“Taylor stated that she felt very intimidated during the meeting with Scearce because he essentially called her a liar, and was very upset. According to Taylor, she had not felt scared or intimidated since, however, the two individuals being thrust together to talk about a different version of what happened was very uncomfortable. Taylor stated that recently, Mike Scearce, Johnny Scearce’s brother, had become the city executive BB&T Bank in Blue Ridge. Taylor actually told investigators that she was unaware that Johnny Scearce  had lodged a complaint but thought that made sense based on the actions of BB&T corporate security.  It was stated that neither she nor her husband had any problems with Scearce in high school or since.”

“During the meeting with corporate security, Scearce that stated that Rick Jones was a “maggot” and would not let Jones use his phone. He said he did not call and say that Rick Jones was William Prowse. Scearce said the individual he was vouching for was Rick Jones and also mentioned that Rick Jones had offered him $200 to vouch for him with Rhonda Taylor. Scearce stated that he did not need the money. Taylor then told Scearce that he was being loud and she did not appreciate him calling her a liar. Scearce said that he did call Rhonda Taylor back and that was when he told her the individual was also known as William Prowse.”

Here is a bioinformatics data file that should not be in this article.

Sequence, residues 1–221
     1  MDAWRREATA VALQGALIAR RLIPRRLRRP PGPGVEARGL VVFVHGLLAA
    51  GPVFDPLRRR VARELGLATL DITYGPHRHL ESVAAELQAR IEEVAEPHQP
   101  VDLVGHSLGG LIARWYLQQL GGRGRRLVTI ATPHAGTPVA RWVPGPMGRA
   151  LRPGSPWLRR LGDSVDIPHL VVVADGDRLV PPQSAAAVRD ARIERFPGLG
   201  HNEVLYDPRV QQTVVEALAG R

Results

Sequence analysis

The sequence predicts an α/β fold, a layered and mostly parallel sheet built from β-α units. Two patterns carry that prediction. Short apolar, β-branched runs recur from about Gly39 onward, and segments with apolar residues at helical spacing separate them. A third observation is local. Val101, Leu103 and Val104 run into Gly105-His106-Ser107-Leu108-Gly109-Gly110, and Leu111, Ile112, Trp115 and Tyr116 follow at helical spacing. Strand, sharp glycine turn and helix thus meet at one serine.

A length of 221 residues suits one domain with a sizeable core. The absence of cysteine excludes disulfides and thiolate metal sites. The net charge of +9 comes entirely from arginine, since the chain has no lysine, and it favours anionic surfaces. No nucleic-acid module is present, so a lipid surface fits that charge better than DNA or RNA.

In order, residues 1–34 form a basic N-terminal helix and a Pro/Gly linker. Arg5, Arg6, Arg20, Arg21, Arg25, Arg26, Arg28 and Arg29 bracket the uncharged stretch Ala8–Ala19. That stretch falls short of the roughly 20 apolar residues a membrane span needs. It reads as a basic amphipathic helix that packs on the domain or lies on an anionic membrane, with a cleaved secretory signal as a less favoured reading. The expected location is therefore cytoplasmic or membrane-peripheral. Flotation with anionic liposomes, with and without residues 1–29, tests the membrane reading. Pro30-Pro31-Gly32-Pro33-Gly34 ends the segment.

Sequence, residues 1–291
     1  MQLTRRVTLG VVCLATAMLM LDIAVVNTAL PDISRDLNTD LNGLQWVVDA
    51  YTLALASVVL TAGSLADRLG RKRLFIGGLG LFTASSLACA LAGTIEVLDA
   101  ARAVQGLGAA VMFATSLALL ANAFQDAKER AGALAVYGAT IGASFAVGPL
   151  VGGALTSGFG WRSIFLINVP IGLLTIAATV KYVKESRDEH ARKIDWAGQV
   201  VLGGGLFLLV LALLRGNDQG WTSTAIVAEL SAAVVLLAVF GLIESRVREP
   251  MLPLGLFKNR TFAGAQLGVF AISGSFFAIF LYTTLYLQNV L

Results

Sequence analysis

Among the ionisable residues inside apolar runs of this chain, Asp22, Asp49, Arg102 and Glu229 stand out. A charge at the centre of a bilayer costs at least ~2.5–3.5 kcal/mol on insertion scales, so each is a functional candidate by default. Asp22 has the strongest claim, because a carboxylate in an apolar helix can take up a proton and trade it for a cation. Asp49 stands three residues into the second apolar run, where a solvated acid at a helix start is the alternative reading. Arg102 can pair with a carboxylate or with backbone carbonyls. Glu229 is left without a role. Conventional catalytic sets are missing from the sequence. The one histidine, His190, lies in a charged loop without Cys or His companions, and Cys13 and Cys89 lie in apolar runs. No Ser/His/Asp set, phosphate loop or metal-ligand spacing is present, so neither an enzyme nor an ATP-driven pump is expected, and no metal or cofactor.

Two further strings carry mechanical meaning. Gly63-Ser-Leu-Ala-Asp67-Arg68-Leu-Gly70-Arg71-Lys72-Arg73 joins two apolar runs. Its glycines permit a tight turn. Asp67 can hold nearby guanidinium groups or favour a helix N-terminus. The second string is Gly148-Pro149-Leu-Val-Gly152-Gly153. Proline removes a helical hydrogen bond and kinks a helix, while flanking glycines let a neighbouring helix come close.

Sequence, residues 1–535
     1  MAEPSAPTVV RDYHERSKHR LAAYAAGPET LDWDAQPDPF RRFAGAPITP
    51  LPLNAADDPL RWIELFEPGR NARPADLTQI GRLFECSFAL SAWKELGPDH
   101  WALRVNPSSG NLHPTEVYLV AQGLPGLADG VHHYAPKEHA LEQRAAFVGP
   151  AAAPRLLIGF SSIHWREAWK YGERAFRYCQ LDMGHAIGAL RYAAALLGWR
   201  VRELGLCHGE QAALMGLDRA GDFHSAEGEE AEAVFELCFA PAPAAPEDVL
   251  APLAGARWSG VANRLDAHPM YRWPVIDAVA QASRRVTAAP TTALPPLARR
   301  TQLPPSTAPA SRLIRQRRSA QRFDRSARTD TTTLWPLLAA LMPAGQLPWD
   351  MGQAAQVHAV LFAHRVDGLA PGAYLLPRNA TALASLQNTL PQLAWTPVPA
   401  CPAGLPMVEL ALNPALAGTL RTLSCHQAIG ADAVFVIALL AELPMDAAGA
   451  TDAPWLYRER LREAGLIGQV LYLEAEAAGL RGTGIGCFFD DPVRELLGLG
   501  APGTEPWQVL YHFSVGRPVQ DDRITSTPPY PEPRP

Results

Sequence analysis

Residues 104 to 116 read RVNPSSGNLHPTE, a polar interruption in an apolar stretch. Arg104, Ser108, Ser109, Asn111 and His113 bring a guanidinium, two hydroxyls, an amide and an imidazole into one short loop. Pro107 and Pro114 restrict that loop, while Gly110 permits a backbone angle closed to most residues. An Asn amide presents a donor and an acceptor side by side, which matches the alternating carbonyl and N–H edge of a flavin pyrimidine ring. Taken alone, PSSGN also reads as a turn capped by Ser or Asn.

“Special agent Williams asked Taylor to  remember what had originally been said during the loan application process. Taylor stated  the individual now known as Rick Jones came to BB&T bank and claimed he was William Prowse. Jones filled out a hand-written application and provided all appropriate information, however, did not have a picture ID. The loan was for $3,800.  Initially, the individual claiming to be Prowse stated that he lost his identification in the truck and went outside to look. When the individual came back, he said he must have left his identification at home. Taylor told Jones also known as Prowse that he could go to the State Patrol Post to  get another identification. Jones stated that his wife would have to mail him a birth certificate so he could obtain his identification. Jones then left the bank and called back, with Chief of Police Johnny Scearce on the telephone. According to Taylor, Jones also known as Prowse called on the telephone but was with Scearce. Scearce was on the phone and verify that the individual in his office was William Prowse and also stated his nickname was “Yank”.  Scearce then called back minutes later to tell Taylor that he was not co-signing on any loan with the individual. Taylor explained that she simply needed to verify the individual’s identity which was William Prowse. At that time, Scearce told Taylor that Prowse also goes by the name Jones, but his real identity was William Prowse.”